Mary Callahan Erdoes, chief executive officer of J.P. Morgan's Asset Management division with more than $2.3 trillion in client assets, sat down with UCLA Anderson Dean Judy Olian for a Dean’s Distinguished Speaker Series talk this morning. Forbes and Fortune consistently rank Erdoes as one of the “World’s Most Powerful Women,” and Bloomberg Markets named her 2013’s “World’s Most Influential Money Manager.”
Olian and Erdoes had a lively conversation, ranging from Erdoes’ early days working in a financial services company’s computer room to the realities of the Fed’s quantitative easing program.
Erdoes described her term as co-CEO of J.P. Morgan’s Private Bank as one of the most formative experiences in her leadership path. Assigned to work with a person she described as “the most opposite” possible, Erdoes resisted making a connection. When the head of HR came to her and said, “You’re missing the plot here,” Erdoes knew she had to make a change. “Ten years later, he's the one who transformed my career the most,” Erdoes said. “There's a great thing about diversity. Diversity makes you make better decisions.”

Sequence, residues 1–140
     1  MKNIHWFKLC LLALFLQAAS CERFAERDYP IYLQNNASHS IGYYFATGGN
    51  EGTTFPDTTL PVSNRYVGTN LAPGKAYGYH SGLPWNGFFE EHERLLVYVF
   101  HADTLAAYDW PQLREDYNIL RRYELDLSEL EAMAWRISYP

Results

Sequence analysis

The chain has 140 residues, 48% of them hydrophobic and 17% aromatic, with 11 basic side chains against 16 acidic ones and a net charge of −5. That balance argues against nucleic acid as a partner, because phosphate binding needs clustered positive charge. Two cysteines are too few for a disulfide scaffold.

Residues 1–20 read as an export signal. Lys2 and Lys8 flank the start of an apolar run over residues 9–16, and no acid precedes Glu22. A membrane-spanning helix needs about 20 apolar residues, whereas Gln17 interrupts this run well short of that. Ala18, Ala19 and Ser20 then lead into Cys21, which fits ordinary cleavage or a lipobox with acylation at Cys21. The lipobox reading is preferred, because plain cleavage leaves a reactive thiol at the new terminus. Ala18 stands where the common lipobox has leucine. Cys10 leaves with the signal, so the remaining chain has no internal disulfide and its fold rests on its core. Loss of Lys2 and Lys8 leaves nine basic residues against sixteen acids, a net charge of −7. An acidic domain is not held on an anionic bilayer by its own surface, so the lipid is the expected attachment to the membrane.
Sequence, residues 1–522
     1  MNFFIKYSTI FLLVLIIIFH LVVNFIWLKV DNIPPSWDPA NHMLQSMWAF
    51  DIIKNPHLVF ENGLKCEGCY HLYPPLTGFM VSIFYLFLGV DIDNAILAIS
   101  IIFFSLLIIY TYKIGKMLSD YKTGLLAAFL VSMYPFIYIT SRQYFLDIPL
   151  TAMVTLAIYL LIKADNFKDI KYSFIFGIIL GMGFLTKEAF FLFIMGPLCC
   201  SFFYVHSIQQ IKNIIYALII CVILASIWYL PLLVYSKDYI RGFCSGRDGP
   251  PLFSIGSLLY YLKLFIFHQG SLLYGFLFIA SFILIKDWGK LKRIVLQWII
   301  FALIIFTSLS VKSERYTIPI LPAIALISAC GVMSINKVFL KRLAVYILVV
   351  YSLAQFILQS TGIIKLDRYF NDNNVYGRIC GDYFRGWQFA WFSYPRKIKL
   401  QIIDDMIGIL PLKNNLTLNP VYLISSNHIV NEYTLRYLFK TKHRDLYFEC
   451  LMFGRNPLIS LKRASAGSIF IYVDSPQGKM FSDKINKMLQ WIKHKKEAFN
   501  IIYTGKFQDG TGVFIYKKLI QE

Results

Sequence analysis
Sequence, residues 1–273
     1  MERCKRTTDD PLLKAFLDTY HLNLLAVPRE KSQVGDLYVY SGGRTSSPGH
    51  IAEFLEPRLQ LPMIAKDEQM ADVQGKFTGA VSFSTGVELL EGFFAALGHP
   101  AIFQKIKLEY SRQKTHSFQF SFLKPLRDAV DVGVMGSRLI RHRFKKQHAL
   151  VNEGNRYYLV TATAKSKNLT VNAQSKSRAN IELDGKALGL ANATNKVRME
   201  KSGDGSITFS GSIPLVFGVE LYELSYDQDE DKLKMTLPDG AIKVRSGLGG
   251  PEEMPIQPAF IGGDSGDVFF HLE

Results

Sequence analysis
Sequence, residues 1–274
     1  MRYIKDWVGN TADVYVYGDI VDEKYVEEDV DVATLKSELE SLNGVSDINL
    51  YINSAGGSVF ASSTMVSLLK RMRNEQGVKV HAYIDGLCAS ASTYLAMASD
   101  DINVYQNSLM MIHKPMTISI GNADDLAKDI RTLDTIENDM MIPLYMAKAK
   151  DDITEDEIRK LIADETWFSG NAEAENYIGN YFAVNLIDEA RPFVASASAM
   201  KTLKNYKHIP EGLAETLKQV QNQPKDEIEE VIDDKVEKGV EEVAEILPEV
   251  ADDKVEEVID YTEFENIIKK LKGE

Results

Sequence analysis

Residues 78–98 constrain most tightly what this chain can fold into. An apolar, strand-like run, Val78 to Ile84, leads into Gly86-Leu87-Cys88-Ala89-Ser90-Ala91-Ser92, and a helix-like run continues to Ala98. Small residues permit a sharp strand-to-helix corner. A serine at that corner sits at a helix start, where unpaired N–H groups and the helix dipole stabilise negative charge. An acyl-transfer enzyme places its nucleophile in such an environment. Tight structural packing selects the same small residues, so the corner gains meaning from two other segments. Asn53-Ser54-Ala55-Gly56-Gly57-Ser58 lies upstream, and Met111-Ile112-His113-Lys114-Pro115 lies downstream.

Olian and Erdoes discussed the differences between leadership and management, with Erdoes stating there’s an important distinction. “Leadership is about walking the halls. It's all about what can be termed ‘the soft stuff,’” she said. “Jamie Dimon walks into my office every day, and it has nothing to do with business. He’s gauging how I’m doing.”
Olian also quizzed Erdoes on some of the tenets of UCLA Anderson’s Think in the Next credo. “There’s nothing you can do in the world that you can do by yourself. If someone won't share success, you don't want to work with them,” Erdoes said. She also said that thinking fearlessly is an integral part of every day. And, finally, she said driving change is the engine of her workday. “Every single morning, you wake up and you have to think about how you can change the world and make it a better place.”
Head to the DDSS homepage for more on Erdoes and other past speakers.